Growing Up proposes a forest school at Bowling Green, leveraging an opportunity to construct a new collective memory of and on the site by shifting the treatment of trees. The structure immerses school kids in the ecological: varying degrees of density among the trees gives rise to a range of microsystems and biodiversity, and kids participate in their care and become invested in their wellbeing.
The school is grown and constructed: cut material produced on site is processed into braces, trusses, and cordage, allowing branches to be directed or grafted where necessary. As Bowling Green was colonized 400 years ago, the structure is here rendered 400 years into the future. But no tree grows to a drawing. The structure asks for adaptability of form, depending on how the trees act; for material allocation, on what the trees provide; for curricula, on what the trees need: radical adaptability in the face of burgeoning climate crises.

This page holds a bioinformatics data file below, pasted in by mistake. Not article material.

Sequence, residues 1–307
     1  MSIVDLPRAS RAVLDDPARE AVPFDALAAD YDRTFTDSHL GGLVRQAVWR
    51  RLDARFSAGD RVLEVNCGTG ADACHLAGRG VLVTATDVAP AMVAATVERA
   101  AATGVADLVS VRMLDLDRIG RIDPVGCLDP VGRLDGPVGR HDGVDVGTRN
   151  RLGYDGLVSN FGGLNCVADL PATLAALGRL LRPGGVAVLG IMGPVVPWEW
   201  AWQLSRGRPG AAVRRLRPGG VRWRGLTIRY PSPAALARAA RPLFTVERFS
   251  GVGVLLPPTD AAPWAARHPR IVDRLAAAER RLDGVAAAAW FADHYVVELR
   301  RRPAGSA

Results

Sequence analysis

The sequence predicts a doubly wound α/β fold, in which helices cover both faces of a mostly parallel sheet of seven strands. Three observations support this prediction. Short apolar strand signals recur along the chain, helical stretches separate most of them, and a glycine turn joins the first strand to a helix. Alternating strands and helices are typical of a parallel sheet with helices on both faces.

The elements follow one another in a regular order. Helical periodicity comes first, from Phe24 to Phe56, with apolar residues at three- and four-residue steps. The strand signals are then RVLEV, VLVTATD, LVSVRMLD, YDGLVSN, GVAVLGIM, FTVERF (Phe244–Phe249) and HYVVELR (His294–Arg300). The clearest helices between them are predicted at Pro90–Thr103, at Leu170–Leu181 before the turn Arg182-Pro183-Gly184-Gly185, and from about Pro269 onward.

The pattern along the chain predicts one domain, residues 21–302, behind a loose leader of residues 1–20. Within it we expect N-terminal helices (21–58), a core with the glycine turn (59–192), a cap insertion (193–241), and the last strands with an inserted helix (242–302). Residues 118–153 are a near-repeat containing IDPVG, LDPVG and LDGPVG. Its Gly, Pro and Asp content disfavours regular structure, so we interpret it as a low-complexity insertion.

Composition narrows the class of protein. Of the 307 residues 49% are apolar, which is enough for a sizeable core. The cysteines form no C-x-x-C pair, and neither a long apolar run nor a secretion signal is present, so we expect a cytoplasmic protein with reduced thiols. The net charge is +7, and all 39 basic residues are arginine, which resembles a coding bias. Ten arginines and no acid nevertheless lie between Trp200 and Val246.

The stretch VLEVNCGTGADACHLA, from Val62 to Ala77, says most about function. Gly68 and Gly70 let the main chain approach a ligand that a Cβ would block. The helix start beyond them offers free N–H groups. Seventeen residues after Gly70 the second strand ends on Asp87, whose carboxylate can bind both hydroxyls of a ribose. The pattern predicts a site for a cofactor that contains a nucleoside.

The structure and New York City’s school kids grow up together. It becomes a site not only of new modes of treatment of urban nature but of generational knowledge and community, growing both intellectual and emotional connections for generations of New Yorkers.